ABI Research said that unified communications solutions are "on a steeply rising curve of adoption in the enterprise", noting that enabling technologies are often being deployed on a piecemeal basis and then tied together, rather than being rolled-out in a single tranche.
According to ABI, companies are buying only components which they believe will deliver immediate value. It is only after that has taken place that the disparate elements are being tied together, into a unified solution.
Enterprise IT is still suffering at the hands of a weakened economy, with budgets for more esoteric projects removed and cash only available for capital projects where there is a clear return on investment. But that does not mean that no money is being spent at all; for technologies that can improve efficiency and/or reduce operating costs, there is still an appetite.
For technologies such as unified communications, the benefits come with scale. A single unified communications building block on its own is not a unified communications solution at all --
it is only as other elements are added in that the benefits are delivered. This, however, means greater costs before enterprises can really benefit from the improved communication and collaboration enabled.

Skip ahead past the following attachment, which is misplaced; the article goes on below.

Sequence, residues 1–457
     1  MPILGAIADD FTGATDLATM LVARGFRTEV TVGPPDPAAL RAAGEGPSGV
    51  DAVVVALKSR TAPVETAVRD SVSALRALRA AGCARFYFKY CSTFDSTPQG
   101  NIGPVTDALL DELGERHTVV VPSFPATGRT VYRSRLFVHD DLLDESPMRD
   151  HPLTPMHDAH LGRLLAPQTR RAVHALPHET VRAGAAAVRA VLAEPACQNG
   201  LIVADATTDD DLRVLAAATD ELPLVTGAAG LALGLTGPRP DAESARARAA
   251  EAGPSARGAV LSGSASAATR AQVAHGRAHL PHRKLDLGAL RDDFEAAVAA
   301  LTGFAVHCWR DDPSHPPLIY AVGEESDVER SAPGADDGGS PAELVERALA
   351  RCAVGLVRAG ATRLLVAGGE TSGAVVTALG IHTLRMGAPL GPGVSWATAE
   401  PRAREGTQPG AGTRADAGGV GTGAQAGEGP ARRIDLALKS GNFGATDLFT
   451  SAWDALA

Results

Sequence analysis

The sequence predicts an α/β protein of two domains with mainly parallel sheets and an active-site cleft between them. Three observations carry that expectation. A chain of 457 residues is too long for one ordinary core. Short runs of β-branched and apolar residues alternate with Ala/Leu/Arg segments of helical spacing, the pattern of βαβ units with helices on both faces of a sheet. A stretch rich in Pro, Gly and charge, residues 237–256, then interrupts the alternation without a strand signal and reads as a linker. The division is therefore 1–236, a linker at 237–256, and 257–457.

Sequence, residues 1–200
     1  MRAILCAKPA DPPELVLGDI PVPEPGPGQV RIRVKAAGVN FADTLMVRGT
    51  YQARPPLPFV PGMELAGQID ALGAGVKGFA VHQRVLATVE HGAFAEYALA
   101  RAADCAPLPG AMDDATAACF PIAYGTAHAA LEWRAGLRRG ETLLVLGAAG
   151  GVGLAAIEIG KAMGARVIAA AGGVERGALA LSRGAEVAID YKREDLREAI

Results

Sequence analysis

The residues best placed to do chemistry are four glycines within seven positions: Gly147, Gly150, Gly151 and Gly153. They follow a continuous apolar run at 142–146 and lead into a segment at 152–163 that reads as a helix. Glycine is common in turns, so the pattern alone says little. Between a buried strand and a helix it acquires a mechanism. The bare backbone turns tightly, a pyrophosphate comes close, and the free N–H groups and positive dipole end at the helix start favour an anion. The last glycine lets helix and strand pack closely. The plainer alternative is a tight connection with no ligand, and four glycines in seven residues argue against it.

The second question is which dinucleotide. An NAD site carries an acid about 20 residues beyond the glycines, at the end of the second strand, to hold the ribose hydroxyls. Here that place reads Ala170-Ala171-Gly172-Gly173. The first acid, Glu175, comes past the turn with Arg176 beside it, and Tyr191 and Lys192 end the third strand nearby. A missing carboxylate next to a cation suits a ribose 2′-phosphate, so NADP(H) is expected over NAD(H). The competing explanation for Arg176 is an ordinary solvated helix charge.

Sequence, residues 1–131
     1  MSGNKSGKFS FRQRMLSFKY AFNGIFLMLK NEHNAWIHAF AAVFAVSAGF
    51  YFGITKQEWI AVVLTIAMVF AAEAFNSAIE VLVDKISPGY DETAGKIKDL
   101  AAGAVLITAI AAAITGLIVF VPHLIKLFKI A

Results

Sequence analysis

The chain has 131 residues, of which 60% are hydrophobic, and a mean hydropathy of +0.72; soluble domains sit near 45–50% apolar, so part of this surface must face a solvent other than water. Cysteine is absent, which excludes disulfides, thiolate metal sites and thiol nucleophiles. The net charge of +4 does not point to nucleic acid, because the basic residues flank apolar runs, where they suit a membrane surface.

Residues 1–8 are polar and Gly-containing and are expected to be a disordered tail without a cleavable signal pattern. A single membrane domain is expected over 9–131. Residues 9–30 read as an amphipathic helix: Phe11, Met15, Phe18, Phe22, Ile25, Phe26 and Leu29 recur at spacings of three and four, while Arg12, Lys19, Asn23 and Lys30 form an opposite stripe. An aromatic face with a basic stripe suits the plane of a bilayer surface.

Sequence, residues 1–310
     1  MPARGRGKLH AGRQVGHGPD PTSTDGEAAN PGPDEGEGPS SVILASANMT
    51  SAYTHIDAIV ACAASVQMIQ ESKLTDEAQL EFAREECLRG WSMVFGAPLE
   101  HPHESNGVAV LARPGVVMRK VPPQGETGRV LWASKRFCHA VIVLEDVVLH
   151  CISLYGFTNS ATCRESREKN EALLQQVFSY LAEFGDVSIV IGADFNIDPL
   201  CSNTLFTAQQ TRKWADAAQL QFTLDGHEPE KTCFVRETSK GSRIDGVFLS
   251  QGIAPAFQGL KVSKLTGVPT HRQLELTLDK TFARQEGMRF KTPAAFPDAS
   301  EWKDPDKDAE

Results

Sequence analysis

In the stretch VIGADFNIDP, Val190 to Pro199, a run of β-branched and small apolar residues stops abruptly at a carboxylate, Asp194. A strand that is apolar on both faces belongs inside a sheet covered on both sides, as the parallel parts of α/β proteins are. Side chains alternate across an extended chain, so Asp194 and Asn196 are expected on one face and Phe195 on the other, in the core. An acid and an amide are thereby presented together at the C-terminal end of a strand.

Which leads to the age-old problem for unified communications technologies; the benefits are difficult to quantify. In a market where the bottom-line is more in focus than ever, this creates problems for solutions designed to address areas of the business which are not easily represented in the accounts.
Silicon.com recently quizzed a number of CIOs and IT executives about unified communications deployments, and many of the respondents were positive about the benefits offered --
staff also appear to be keenly embracing the flexibility offered in managing their daily interactions. Interestingly, apart from some teething troubles, deployments were also largely straightforward, although as with any project, robust project management is necessary to smooth the migration and implementation.
Moving back to ABI's unified communications study, it was noted that large companies with multiple locations stand to benefit the most. But the lack of standards and interoperability between different vendors makes deployment difficult, meaning that "there's a premium on partnerships". While many large businesses will have the necessary integration skills in-house, because unified communications is "tricky" many will not want to take on this work, particularly at the lower-end of the scale. This will create a "booming market" for managed services.
Migration to the cloud
Analyst firm In-Stat has also been looking at unified communications, noting that the technology is migrating to the cloud, with vendors beginning to position it as a service rather than a product. Equipment providers are partnering with hosted service providers to delivers solutions to companies.
The company said that this means several flavours of unified communications are emerging. There are solutions that use a mixture of customer premises equipment and managed services, which are targeting mid-sized businesses; fully-hosted offerings, which are targeting smaller companies; and revamped broadband telephony services, targeting SOHO users.
Two drivers were noted which will enhance the richness of unified communications; SIP trunking, which will enable the interconnection of unified communications islands; and improving mobile broadband services, which will extend more services to smartphones and other mobile devices.